In a previous article, I addressed the reality that natural gas is already serving a bridge fuel between a past powered by coal and a future powered by renewables.
Today, I want to discuss the factors that will influence the length of that bridge.
Coal is a source of firm power, which means power that is guaranteed to be available when needed. This contrasts to wind and solar power, which are intermittent. They are available when the sun shines and the wind blows.
That means that intermittent power sources require much more installed capacity than do firm power sources to produce the same amount of electricity over time. The capacity factor -- that is the amount of power produced divided by the power that would be produced if the power source was producing at full capacity at all times -- is around 90% for nuclear power, 70% for geothermal power, and 50-60% for coal-fired and natural gas-fired power. But annual power factors for wind and solar power are in the 25% to 35% range.
This has two implications. One is that wind and solar power must have around double the installed capacity of firm power sources like coal to produce the same amount of electricity over time. But because these intermittent sources can sometimes see output fall dramatically, they must also have significant backup power supplies available.
Opponents of using natural gas as a bridge to a renewable future argue that batteries can fulfill this backup role. They see the role of natural gas as simply filling a balancing role for renewables in times of extreme mismatches between supply and demand. It is probably true that this is the long-term solution, but cost-effective battery technology isn't quite ready to assume this role on a massive scale.
That's why natural gas has become a bridge. But how long might that bridge be? We can look back at trends since 2000 and extrapolate with a thought experiment.
The U.S. generated 2.0 trillion kilowatt-hours (kWh) of electricity from coal in 2000, 611 billion kWh from natural gas, and about 6 billion kWh from wind and solar power.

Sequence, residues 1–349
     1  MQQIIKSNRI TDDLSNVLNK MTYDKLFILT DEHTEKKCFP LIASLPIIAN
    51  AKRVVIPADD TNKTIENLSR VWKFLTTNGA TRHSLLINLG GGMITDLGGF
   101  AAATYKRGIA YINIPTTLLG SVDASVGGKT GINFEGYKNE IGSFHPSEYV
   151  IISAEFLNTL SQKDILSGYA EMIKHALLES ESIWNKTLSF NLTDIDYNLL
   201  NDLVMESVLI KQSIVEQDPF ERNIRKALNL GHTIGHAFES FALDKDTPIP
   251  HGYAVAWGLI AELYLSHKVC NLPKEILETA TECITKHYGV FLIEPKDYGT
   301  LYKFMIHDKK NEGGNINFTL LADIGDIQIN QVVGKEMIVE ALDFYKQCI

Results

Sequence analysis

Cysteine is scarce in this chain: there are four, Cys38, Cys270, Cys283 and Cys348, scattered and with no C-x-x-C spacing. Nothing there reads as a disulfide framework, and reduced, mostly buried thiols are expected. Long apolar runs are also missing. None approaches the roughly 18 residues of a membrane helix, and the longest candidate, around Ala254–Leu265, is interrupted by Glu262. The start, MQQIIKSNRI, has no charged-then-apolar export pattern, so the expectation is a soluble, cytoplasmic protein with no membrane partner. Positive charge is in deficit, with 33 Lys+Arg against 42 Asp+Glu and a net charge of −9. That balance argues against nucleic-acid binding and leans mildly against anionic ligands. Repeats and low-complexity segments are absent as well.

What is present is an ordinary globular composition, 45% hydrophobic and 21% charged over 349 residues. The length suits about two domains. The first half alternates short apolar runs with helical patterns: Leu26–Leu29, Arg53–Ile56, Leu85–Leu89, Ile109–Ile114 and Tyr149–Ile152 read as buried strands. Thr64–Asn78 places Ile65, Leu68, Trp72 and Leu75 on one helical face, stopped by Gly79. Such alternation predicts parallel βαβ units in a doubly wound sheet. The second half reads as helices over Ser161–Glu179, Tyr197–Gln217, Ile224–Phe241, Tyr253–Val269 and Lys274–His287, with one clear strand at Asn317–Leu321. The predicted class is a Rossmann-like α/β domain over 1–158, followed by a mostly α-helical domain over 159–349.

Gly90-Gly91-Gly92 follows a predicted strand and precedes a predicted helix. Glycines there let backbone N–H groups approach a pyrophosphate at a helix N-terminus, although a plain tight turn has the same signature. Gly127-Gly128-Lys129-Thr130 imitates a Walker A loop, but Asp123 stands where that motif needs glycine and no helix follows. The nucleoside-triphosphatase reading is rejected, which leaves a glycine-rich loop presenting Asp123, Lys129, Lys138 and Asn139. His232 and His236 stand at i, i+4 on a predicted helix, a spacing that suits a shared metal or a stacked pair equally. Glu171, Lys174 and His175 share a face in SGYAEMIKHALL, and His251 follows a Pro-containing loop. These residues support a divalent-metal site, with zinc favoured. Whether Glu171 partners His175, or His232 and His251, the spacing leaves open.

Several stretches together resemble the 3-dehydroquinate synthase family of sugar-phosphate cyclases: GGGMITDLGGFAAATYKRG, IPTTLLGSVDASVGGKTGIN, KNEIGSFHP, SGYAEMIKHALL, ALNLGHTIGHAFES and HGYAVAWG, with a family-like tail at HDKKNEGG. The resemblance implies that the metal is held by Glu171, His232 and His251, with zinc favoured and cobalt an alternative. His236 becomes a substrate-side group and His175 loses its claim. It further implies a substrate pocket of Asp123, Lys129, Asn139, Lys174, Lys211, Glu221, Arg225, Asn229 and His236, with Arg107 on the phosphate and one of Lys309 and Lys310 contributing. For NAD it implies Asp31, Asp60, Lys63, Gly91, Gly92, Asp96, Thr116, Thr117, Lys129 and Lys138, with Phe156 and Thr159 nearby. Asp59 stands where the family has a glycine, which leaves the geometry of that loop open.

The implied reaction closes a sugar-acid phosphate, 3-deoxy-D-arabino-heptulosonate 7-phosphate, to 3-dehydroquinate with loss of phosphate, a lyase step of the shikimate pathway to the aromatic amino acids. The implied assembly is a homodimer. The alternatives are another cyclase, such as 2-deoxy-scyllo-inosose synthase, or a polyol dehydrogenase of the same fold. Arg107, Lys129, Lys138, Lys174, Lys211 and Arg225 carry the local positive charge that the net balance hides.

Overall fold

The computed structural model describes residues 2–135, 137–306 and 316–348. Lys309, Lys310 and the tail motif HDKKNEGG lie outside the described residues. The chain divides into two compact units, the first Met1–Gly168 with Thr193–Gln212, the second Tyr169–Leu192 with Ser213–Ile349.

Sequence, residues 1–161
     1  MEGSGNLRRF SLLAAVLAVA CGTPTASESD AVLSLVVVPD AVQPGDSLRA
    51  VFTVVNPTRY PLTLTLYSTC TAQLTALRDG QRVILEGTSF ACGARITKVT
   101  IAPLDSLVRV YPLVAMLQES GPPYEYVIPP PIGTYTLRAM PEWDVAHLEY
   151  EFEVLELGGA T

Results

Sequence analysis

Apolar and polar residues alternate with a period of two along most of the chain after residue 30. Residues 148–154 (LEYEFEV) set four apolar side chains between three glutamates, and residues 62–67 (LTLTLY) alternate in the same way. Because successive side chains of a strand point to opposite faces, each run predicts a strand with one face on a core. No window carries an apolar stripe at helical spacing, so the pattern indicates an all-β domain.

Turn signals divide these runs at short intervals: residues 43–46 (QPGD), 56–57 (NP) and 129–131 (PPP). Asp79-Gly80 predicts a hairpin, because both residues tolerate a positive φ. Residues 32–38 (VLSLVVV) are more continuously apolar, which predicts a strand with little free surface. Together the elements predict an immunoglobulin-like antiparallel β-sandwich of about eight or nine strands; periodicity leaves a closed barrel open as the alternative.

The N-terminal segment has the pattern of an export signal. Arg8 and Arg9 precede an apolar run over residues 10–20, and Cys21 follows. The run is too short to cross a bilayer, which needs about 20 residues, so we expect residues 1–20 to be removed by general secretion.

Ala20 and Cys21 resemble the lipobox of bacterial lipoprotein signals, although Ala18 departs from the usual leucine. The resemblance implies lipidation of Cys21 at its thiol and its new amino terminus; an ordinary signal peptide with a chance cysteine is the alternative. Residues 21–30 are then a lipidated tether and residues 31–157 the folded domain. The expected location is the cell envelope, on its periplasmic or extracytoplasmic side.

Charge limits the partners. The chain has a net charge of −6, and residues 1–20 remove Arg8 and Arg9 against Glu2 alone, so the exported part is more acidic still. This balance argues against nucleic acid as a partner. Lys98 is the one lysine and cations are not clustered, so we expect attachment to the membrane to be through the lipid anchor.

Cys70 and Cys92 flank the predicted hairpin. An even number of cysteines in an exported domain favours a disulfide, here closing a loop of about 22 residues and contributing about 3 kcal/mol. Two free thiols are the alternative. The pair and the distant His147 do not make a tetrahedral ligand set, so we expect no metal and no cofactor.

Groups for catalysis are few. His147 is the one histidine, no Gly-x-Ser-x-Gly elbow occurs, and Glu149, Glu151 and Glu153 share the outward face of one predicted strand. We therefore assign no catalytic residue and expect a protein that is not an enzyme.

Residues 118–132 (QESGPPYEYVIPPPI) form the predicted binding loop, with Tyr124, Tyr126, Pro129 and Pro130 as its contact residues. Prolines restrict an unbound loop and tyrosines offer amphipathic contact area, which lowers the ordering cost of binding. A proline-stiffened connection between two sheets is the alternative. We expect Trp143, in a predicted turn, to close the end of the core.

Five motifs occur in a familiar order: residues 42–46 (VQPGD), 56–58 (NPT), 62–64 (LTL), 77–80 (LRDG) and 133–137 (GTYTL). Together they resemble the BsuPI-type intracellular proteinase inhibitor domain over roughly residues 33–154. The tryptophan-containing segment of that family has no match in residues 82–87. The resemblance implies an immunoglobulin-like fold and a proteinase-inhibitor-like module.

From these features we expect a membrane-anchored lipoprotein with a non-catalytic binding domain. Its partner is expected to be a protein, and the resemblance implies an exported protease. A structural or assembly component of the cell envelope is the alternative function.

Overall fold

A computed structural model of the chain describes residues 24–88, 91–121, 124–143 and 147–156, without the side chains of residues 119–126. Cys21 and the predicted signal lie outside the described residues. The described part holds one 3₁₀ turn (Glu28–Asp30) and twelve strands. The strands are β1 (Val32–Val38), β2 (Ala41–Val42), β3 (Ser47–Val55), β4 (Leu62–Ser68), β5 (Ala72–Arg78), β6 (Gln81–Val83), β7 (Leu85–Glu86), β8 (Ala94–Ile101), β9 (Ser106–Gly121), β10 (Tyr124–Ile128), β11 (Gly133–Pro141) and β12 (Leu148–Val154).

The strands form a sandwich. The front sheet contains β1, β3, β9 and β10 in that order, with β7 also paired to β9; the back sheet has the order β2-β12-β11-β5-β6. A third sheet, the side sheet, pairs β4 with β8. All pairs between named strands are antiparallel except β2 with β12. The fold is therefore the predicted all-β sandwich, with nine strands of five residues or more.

By 2017, power generated from coal had fallen 700 billion kWh to 1.2 trillion kWh. Natural gas generation increased since then by 700 billion kWh to 1.3 trillion kWh, while wind and solar power grew by 300 billion kWh. (Including hydropower and biomass, renewables contributed a total of to 687 billion kWh in 2017).
So, natural gas has more than doubled the contribution of wind and solar power to the power mix since 2017, but the growth rates for wind and solar have been far greater.
So, let's extrapolate. The BP Statistical Review shows that in the U.S., the output of wind and solar power over the past five years roughly doubled. Although growth rates have slowed in recent years, let's make a generous assumption and project that they continue to double every five years.
At that rate, it would take two more doublings of wind and solar output to equal the 2017 contribution of coal to the power mix. One more doubling beyond that would then also equal the 2017 contribution of natural gas to the power mix.
So I think that makes a strong case the even with aggressive assumptions, coal will remain an important part of the power mix for at least another decade. (Although I believe it will be in the power mix far longer than this). Natural gas will continue to be an important bridge fuel during that time, and in the best case won't be phased out for at least 15 years.
In reality, recent U.S. government policy decisions are likely to continue to slow the growth of wind and solar, even as they continue to become cheaper and cheaper. The speed of development of battery technology may also be a limiting factor. Thus, the U.S. is probably looking at natural gas as an important bridge fuel for at least two more decades. Globally, natural gas will probably continue to grow in importance through at least 2050.
In fact, that was the conclusion of a recent report by IHS Markit called Rivalry: The IHS Markit View of the Energy Future (2018-50) The report projected that global natural gas consumption will rise from 3.2 billion metric tons of oil equivalent (TOE) in 2017 to 5.2 billion metric TOE in 2050. This forecast represents the largest expansion of any source of energy through 2050.
I will discuss the report's projections for the global oil market in the next article.
Date: Sep 10, 2018